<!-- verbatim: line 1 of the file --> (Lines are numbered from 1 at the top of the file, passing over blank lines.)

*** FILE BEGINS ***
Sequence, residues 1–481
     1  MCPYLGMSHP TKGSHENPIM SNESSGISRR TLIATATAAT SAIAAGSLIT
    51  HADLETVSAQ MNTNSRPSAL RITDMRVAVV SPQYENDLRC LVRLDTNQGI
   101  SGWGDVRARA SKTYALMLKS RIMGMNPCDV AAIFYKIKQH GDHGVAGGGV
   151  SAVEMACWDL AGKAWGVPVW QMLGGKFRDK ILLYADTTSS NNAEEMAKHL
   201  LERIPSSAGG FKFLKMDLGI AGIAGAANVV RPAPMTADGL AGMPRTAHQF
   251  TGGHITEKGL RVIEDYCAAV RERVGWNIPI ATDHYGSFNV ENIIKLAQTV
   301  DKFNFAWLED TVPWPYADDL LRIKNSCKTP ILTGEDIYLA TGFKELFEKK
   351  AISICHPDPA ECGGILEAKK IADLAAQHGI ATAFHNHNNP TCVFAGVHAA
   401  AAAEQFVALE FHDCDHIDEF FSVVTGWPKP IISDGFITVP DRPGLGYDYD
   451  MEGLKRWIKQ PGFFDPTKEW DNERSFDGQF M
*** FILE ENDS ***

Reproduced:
Sequence, residues 1–481